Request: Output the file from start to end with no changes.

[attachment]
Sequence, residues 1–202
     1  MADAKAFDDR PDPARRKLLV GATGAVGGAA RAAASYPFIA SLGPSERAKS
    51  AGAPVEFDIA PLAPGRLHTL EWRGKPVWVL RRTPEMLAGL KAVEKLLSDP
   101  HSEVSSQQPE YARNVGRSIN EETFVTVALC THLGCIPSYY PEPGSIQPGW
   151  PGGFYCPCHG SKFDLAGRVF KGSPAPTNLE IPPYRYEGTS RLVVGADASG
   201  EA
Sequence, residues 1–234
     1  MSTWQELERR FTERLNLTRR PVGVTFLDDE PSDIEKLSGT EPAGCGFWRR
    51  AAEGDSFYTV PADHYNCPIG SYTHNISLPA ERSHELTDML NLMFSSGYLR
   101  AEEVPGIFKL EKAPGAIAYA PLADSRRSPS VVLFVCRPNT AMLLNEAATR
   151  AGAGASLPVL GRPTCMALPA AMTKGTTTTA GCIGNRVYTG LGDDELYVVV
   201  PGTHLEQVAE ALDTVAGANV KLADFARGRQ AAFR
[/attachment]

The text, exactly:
Sequence, residues 1–202
     1  MADAKAFDDR PDPARRKLLV GATGAVGGAA RAAASYPFIA SLGPSERAKS
    51  AGAPVEFDIA PLAPGRLHTL EWRGKPVWVL RRTPEMLAGL KAVEKLLSDP
   101  HSEVSSQQPE YARNVGRSIN EETFVTVALC THLGCIPSYY PEPGSIQPGW
   151  PGGFYCPCHG SKFDLAGRVF KGSPAPTNLE IPPYRYEGTS RLVVGADASG
   201  EA
Sequence, residues 1–234
     1  MSTWQELERR FTERLNLTRR PVGVTFLDDE PSDIEKLSGT EPAGCGFWRR
    51  AAEGDSFYTV PADHYNCPIG SYTHNISLPA ERSHELTDML NLMFSSGYLR
   101  AEEVPGIFKL EKAPGAIAYA PLADSRRSPS VVLFVCRPNT AMLLNEAATR
   151  AGAGASLPVL GRPTCMALPA AMTKGTTTTA GCIGNRVYTG LGDDELYVVV
   201  PGTHLEQVAE ALDTVAGANV KLADFARGRQ AAFR